Unintended weight loss in the elderly is serious business. When the body is forced to draw on stored protein for


Lorraine Englander and Christina Dinger
 
Homeland Center dietitian Christina Dinger, left, gives resident Lorraine Englander a nutritional supplement. Dinger is part of a team that ensures residents maintain a healthy weight.  

energy, the antibodies that ward off illness are diverted, and a cascade of negative health consequences can follow.

“If you have an 80- or 85-year-old who’s beginning to lose weight, that’s associated with multiple issues, and things spiral out of control,” says Homeland Director of Nutritional Services Yolanda Williams. “There can be skin breakdown, dehydration and infections because the immune system is weakened.”

Homeland’s unique approach

Spotting, preventing and treating weight loss demands true detective skills, and Homeland Center developed an individualized approach – unique to nursing homes – that’s worthy of a “CSI” episode. Instead of giving nutritional duties to multi-tasking nurse's aides, Homeland assigns a nutrition-at-risk aide to the care teams on each floor in skilled care and in the Ellenberger dementia/Alzheimer’s unit.

For F.M. Richard Simons, volunteering to fight during World War II was a way of giving back to the country that had welcomed


F.M. Richard Simons
 
"They say it's a great experience but one I'd never want to do again,'' said F.M. Richard Simons, who saw combat in Italy during World War II.  

his grandparents. 

The Korea War was in full force when a friend from nursing training convinced Marianna Bjurstrom to join the Air Force. To Bjurstrom, who was 24, it sounded like a way to make her dreams of traveling and seeing the world come true. 

While the paths that led Simons and Bjurstrom to military service were far different, both said they were proud to serve and treasure the friendships they made along the way.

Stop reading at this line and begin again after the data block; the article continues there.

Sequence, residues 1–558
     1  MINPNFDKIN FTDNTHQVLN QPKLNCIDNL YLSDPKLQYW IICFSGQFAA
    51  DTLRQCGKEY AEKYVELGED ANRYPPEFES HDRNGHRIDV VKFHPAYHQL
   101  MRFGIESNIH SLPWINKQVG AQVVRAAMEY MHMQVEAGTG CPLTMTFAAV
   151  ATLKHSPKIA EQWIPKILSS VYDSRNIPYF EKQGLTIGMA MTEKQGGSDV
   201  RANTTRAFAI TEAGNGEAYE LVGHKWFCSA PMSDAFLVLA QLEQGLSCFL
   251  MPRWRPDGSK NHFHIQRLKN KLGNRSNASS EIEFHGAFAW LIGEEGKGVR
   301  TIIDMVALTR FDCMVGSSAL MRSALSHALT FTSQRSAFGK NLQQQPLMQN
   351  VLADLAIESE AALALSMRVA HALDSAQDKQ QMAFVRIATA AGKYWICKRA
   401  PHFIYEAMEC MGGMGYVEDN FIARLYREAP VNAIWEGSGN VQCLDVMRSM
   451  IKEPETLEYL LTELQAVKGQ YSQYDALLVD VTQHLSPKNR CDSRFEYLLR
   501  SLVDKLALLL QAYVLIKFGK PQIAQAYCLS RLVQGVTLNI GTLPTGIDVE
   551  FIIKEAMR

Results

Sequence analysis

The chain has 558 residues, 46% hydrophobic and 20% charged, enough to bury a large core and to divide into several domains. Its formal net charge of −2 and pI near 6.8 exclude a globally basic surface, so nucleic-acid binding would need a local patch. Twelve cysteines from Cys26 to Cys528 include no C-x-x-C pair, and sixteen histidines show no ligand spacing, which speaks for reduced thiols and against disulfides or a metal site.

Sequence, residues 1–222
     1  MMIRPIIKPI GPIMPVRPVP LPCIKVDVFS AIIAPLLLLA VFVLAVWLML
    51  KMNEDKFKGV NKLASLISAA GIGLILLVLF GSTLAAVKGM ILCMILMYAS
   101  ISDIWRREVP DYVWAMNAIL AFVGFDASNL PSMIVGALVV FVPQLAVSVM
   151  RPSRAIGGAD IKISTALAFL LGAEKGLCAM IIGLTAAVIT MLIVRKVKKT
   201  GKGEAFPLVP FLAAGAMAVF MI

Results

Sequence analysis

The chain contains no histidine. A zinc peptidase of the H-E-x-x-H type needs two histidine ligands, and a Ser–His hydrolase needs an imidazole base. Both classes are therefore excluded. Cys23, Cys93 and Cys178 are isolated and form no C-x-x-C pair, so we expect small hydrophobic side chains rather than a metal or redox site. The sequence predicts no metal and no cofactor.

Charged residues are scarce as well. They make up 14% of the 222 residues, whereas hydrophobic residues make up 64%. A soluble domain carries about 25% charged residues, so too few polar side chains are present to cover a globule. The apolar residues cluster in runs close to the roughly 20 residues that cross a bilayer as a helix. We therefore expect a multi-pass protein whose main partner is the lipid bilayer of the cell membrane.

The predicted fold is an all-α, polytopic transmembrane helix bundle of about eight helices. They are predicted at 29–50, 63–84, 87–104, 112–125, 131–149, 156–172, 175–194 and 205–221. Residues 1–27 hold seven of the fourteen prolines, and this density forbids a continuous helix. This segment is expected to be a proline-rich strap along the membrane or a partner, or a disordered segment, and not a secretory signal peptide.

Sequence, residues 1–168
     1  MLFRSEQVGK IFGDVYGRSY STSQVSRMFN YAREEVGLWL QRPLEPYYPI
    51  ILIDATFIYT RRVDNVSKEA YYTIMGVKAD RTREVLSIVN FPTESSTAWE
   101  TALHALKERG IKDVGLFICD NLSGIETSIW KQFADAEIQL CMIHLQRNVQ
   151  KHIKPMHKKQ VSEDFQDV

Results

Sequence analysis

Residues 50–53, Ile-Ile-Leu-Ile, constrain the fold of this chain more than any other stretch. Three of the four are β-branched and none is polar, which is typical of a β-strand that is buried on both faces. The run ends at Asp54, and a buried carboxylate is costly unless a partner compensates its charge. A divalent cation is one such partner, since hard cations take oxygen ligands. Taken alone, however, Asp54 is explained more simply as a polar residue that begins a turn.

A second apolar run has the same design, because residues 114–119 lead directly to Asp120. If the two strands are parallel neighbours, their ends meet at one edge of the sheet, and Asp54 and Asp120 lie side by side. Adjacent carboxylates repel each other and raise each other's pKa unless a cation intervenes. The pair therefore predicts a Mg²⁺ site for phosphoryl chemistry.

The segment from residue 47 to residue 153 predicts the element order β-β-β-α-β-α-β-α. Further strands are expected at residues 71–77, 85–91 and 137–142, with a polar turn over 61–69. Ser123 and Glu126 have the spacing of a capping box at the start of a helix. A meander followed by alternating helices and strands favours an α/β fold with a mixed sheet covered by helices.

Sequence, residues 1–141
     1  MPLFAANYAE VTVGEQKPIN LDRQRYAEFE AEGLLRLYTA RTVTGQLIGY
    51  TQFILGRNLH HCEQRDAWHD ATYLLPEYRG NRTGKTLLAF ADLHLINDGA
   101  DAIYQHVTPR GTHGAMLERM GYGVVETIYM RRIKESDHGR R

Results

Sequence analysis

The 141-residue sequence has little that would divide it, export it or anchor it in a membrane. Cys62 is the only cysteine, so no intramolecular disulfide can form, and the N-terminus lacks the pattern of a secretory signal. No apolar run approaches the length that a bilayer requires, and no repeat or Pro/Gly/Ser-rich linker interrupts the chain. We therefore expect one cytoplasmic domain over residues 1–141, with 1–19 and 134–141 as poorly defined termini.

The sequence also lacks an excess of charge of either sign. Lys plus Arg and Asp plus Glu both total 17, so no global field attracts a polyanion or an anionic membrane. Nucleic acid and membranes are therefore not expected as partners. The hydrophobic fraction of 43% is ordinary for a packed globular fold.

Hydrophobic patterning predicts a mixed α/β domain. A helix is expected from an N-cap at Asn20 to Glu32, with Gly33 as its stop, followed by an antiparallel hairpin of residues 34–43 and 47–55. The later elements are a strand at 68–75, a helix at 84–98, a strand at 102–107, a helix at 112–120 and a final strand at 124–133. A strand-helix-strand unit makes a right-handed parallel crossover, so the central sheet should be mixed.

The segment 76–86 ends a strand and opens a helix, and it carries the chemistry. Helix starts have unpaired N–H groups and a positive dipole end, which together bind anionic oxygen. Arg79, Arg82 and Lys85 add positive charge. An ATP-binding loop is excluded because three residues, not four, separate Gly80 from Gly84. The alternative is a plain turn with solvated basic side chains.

Simons and Bjurstrom spoke during a special Veterans Day luncheon at Homeland Center. Before the lunch, the 30 residents who are veterans received red carnations to commemorate their service. 

“They say it’s a great experience but one I’d never want to do again,’’ said Simons, who at 19 served with the famed 10th Mountain Division and saw combat in Italy from 1944 until the end of the war. “You build a real comradery; friendships that help keep you alive and stay with you.’’ 

Pete Wambach recalls how, as he played a sentimental song for retirement community residents, he noticed a  woman wiping away tears. He asked her what was wrong.

“My husband sang that song and got down on his knee in Riverfront Park and proposed to me,” she said. “And


Pete Wambach singalong
 
Pete Wambach brings his outgoing personality and love of songs to Homeland every month for a song-along with residents.  

he’s been gone for seven years.”

Pete responded gently. “Isn’t it nice to remember?” he asked.

“It sure is,” she said.

Wambach is well-known around Harrisburg. He is the namesake of his father, beloved journalist and radio personality Pete Wambach, famous for starting his broadcasts by saying, “It’s a beautiful day in Pennsylvania” in his gravelly bass voice. Pete Jr. is a former state representative who served the Harrisburg and Steelton areas from 1981 to 1993.